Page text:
Configure PKCE and Claim Mapping for OIDC Connections

Enterprise connections using OpenID Connect or Okta Workforce as the identity provider can support Proof Key for Code Exchange (PKCE), as well as attribute and token mapping. 

Configure PKCE for OIDC connections

OpenID Connect and Okta Workforce connections are automatically configured to support Proof Key for Code Exchange (PKCE).

If your OIDC identity provider (IdP) supports PKCE through OIDC Discovery metadata, Auth0 will use the strongest algorithm available by default. For more information on OIDC Discovery metadata, review OpenID’s documentation

View PKCE configuration for a connection

You can view the PKCE configuration for a specific connection through the Auth0 Dashboard:

  1. Navigate to Authentication > Enterprise and choose your OIDC provider (either OpenID Connect or Okta Workforce).

  2. Select the Settings tab.

  3. In the General section, locate the Connection Profile field.

The Connection Profile field available under Settings for Enterprise connections

You can manage the PKCE configuration for a connection through the Auth0 Dashboard:

  1. Navigate to Dashboard > Authenticate >Enterprise and choose your OIDC provider (either OpenID Connect or Okta Workforce).

  2. Select the Settings tab and locate the Connection Profile field.

  3. Set the pkce property to one of the supported values listed below.

  4. Select Save.

Supported PKCE configuration values

Auth0 supports the following values for PKCE configuration:

Value Description
auto Default value. Uses the strongest algorithm available.
s256 Uses the SHA-256 algorithm. Auth0 does not currently support RS512 tokens.
plain Uses plaintext as described in the PKCE specification.
disabled Disables support for PKCE.

Map Claims for OIDC connections

OpenID Connect and Okta Workforce connections can automatically map claims received from the identity provider (IdP). You can configure this mapping through a library template provided by Auth0 or by entering your own template directly.

Mapping template properties

Mapping templates support the options.attribute_map object properties listed below. Templates must be in JSON format with valid key/value pairs.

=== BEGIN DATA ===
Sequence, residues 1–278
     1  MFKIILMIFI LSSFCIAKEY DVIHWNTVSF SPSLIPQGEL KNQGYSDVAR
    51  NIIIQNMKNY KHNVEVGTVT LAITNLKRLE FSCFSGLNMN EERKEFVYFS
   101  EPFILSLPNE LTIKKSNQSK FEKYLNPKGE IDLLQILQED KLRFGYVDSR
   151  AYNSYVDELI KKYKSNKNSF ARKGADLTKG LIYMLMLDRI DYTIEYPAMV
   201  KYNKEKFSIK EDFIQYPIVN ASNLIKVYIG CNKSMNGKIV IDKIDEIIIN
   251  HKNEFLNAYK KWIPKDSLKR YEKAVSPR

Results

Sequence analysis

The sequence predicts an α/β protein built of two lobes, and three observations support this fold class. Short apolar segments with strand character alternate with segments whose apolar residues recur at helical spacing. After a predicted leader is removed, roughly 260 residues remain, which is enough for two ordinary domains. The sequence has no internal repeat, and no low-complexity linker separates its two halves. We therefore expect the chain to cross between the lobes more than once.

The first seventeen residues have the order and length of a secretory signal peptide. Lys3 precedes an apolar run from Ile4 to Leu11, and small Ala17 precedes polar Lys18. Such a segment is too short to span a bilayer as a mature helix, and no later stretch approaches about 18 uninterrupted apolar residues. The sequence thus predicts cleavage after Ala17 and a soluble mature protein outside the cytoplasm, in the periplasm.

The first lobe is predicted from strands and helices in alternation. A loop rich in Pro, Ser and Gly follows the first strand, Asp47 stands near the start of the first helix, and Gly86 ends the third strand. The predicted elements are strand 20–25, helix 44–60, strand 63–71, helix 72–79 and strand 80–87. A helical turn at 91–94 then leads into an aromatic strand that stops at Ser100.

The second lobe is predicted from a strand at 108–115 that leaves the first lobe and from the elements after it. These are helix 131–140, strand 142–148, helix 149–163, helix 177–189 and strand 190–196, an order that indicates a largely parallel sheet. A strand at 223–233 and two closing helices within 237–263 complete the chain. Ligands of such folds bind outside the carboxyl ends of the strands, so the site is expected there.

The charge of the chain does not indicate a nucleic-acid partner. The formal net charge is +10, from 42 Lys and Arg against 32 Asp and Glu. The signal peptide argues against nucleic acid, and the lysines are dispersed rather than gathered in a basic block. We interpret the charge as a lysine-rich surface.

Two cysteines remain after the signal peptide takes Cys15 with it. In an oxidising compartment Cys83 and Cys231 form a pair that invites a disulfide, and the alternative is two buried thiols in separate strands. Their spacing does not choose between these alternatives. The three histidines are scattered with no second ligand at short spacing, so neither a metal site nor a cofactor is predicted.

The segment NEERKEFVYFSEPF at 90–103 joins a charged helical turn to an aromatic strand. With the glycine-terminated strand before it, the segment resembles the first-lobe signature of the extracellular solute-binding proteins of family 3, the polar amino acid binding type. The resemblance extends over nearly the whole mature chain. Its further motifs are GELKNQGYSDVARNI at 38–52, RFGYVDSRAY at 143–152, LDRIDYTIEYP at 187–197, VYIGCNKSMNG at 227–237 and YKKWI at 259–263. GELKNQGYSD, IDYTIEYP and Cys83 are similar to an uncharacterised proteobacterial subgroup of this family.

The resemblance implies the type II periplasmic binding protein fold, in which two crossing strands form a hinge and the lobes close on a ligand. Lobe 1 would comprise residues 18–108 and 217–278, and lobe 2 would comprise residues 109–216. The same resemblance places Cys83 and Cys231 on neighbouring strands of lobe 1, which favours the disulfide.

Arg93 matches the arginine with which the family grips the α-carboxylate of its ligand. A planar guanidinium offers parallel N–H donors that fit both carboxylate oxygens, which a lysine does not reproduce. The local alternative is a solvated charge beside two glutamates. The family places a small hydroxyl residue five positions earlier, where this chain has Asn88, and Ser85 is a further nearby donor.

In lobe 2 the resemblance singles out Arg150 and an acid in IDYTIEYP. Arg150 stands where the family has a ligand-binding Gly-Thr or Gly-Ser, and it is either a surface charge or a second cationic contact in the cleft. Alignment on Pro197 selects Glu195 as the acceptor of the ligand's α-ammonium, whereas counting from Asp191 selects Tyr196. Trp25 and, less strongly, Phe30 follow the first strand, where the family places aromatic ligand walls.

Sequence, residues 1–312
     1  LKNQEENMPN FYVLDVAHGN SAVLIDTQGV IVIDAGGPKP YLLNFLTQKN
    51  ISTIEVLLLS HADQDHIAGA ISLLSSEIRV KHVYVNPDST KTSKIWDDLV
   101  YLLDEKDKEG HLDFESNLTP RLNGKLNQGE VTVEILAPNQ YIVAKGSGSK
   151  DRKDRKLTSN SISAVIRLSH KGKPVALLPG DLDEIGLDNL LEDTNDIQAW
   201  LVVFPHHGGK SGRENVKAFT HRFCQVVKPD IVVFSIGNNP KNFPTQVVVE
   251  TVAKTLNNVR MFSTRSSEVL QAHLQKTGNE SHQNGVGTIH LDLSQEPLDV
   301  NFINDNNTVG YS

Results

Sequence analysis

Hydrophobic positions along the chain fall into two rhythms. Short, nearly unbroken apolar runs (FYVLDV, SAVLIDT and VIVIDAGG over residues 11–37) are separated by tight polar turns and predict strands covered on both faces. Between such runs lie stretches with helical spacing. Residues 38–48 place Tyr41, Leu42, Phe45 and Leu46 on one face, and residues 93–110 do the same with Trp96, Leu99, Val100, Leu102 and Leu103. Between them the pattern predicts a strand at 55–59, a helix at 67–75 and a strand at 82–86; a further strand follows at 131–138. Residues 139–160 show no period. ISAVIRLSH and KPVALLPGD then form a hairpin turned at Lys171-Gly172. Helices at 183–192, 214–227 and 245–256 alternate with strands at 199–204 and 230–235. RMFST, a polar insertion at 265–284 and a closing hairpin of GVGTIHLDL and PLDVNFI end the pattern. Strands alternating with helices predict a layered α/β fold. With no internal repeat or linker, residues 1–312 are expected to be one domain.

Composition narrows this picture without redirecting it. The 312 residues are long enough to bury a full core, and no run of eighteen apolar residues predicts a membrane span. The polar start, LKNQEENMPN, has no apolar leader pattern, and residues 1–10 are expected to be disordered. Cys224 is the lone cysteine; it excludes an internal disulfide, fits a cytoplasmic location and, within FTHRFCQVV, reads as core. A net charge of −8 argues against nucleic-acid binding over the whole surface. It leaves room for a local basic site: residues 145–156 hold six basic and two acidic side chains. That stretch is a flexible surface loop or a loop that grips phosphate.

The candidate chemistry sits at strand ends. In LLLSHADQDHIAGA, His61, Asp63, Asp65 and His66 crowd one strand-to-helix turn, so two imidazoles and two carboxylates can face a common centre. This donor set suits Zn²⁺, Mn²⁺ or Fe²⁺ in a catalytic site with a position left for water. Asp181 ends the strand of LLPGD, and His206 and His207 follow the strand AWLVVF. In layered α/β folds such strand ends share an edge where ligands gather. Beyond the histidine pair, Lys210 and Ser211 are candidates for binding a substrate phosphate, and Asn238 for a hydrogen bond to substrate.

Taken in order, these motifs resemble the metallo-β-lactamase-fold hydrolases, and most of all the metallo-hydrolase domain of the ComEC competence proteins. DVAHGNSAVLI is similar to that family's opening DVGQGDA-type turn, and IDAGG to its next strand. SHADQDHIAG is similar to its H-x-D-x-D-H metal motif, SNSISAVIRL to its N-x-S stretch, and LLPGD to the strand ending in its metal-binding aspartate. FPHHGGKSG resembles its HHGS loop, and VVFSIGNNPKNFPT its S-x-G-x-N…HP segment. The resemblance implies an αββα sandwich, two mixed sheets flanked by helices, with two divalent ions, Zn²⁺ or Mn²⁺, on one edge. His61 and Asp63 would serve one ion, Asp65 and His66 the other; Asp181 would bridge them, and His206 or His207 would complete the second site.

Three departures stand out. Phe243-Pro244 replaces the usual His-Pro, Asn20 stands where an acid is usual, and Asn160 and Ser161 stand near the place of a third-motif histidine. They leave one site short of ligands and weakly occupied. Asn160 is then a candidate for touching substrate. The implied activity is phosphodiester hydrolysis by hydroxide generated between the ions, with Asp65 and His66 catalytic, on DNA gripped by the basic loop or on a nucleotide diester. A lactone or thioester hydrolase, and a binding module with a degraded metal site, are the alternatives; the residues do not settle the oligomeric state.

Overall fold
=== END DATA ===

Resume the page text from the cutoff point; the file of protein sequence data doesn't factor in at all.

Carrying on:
Property Required? Description
mapping_mode Required Method used to map incoming claims.
userinfo_scope Optional Scopes to send to the IdP's Userinfo endpoint.
attributes Required Object containing mapping details for incoming claims.

Mapping mode

The mapping_mode property defines the method used to map incoming claims from the IdP to the Auth0 user profile. mapping_mode supports the following values:

Value Description
use_map Uses the provided template to map the data.
bind_all Copies all data elements provided by the IdP.

Restricted claims

Some claims are reserved for use by Auth0; such claims cannot be used as attribute keys for user profiles.

If you set the mapping_mode property to bind_all, your IdP may attempt to map values to one or more of these restricted claims. While this does not prevent users from authenticating on your connection, values associated with restricted claims are not mapped to the Auth0 user profile.

If you set mapping_mode to use_map, you can map the incoming restricted claim to a valid one:

"attribute_map": {
        "mapping_mode": "use_map",
        "attributes": {
            "amr": "{content.tokenset.amr}" // `amr` is a restricted claim and will not be mapped
            "federated_amr": "{context.tokenset.amr}" // `federated_amr` is not a restricted claim and will be mapped
        }
    }

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For a complete list of restricted claims, review Create Custom Claims.

UserInfo scope